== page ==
By Sam Mathius
Until I did the research recently, the details of the game were a blur to me. I couldn’t tell you who scored for Arsenal. I couldn’t tell you the exact lineup. I couldn’t even tell you date. What I do remember from Liverpool’s 2-2 draw with Arsenal on January 29, 2003 was the roar of Anfield when Jan Arne Riise and Emile Heskey brought Liverpool level after falling behind twice.
That’s where the obsession really kicked into full gear. I had assistance from a nagging older brother who casually supported Arsenal. It was a bit too soft for me. I needed something more than that in a club. The shivers that went down my spine when the Kop rose to commend Heskey’s last gasp equalizer provided antennas to the direction my footballing allegiance would go: to the red half of Merseyside, roughly 4,500 miles from my home in Southern Louisiana.
Growing up outside of New Orleans, it was a place that loved football. The other football. Conversation was more about the LSU Tigers’ quarterback or the New Orleans Saints’ defensive line than Liverpool Football Club’s star striker.
Still, the original football is the sport I followed from the time I was a kid. Despite American football permeating the sporting landscape of our hometown, “soccer” was the sport my parents got my siblings and I involved in at a young age.
It was tough to be indoctrinated into the sport as a youngster in America during the early 1990s. Football was hardly on the TV unless you were willing to shell out upwards of $40 to watch matches on Pay-Per-View. We weren’t a poor family but we certainly weren’t rich either. So I had to think of clever ways to watch matches. My go to move was coming down with mysterious illnesses every fortnight on Tuesdays or Wednesdays in the fall and spring. To this day I doubt my parents know I was really just interested in watching Champions League football. Sorry mom and dad.
Around the turn of the millennium, something fantastic happened for the American football fan. Fox Soccer Channel was launched. It made a much easier task for fans to schedule bouts of illness.
Another perk it provided me was a may to make friends. As a shy eight grader switching schools several towns over I was faced with a new environment I wasn’t thrilled about being thrown into. Luckily, in the American football crazed part of my world, St. Paul’s High School in Covington, LA boasted a Soccer program that accounted for one out of every seven students. My passion for the sport and Liverpool was something that most of the other players knew about. It became contagious. Many of my teammates caught the bug along with other students who simply appreciated the game. Those guys are some of my best friends to this day.
The Liverpool bond was something that we all took pride in. It was something that really brought us together in a way that being a New Orleans Saints fan just couldn’t do even though we all held a special place in our hearts for the black and gold.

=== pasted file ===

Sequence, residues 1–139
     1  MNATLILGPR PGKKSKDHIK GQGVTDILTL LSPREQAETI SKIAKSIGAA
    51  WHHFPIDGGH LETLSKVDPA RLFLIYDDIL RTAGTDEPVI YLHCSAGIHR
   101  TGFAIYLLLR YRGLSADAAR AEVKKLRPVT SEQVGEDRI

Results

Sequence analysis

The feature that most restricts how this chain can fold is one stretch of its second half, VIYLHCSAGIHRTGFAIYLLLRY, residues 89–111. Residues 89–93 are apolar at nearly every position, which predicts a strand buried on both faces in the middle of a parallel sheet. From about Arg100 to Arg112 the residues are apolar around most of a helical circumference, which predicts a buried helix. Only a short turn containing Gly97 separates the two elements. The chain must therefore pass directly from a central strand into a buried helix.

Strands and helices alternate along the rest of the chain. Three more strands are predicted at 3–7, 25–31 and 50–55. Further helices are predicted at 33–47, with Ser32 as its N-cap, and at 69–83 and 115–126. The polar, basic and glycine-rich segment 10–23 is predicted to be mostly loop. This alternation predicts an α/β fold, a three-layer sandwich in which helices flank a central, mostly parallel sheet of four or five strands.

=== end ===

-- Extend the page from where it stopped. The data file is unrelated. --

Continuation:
On August 29, 2005 it suddenly became more than that. In the wake of Hurricane Katrina, we faced unprecedented challenges for young American teenagers. Undoubtedly and very luckily we were the fortunate ones. We still had our lives, our families and most of us had our homes. What we didn’t have was a stable environment to grow up in for the better part of a year or two. There were simple things like a population influx on the North Shore of Lake Pontchartrain that turned a thirty-minute commute into several hours. Then there were more serious concerns such as widespread depression, prescription drug abuse and an infrastructure that failed to provide adequate food and health care at times. Stress was at an all-time high for most people.
As is the case for most young males, sports can be a great distraction. However, we had a situation that made a bleak situation just a little darker: the Saints couldn’t play in the ravaged Louisiana Superdome. They bounced around from Baton Rouge to Texas, playing “home” games while outraged fans berated the team’s owner for exploring re-location options.
At least my group of friends had something. We had Liverpool. Those early season matches in the fall of 2005 became a welcome topic of discussion to distract us from the depressing scenes around us. It wasn’t the ultimate fix but it was just enough to get us by and made our bond stronger.
Today, I sit in an oppressively hot room in Boston. I’m in my underwear with a fan blowing full blast at me. It’s not unlike those early days back home after the storm, sans the fan. Another difference is that none of those friends are here with me. One had to cancel his trip because he got a great job offer at cancer center in Georgia. Another is in Europe on a long planned trip with the girl he will probably marry. And just the other day several more made my day when they told me they all plan to visit in the fall for a weekend when they are all free. Everyone is growing up.
I’m here with several college friends who serendipitously came into my life. Exhibit A: my first ever college roommate. We were randomly placed together after I transferred in the Spring of 2008. Upon entering his room the Liverpool scarf above his bed made me feel at home.
It’s crazy to think that those two goals in a game that the record of football has largely forgotten have led to this. An obsession that has provided me with friendships I’ll always have and cherish. It’s followed me in a way that seems almost made up.
From New Orleans to Boston, Liverpool has followed me.
Although I wish I could have all my buddies up here for the game tonight I rest knowing that come game time, we’ll all be watching. Be it in Budapest, Boston, New Orleans or Atlanta, we know we’ll never walk alone.
Those hairs on my neck are standing up again. It’s fantastic to be part of something that is truly bigger than yourself.